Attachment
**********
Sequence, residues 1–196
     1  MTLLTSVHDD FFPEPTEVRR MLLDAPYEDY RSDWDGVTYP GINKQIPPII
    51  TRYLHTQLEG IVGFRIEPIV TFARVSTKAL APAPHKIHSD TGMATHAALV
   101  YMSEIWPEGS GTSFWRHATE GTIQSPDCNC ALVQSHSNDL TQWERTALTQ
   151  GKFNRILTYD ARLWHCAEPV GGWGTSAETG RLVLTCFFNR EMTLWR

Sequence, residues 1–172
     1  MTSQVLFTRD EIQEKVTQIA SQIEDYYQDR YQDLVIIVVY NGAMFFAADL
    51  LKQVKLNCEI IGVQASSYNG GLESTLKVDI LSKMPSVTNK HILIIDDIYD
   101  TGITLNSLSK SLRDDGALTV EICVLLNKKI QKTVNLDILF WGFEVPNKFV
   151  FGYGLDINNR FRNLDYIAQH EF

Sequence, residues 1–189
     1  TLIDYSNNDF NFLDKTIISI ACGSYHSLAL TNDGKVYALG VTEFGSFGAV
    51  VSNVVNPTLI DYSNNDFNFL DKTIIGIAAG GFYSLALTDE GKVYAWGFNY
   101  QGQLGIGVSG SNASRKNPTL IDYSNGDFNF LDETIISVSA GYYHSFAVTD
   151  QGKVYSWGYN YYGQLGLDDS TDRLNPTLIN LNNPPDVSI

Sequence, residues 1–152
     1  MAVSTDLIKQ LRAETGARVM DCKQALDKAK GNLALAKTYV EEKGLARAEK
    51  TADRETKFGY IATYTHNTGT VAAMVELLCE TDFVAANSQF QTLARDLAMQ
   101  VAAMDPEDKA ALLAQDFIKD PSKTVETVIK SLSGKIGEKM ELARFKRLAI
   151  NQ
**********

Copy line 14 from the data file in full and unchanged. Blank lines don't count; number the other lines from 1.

   101  QGQLGIGVSG SNASRKNPTL IDYSNGDFNF LDETIISVSA GYYHSFAVTD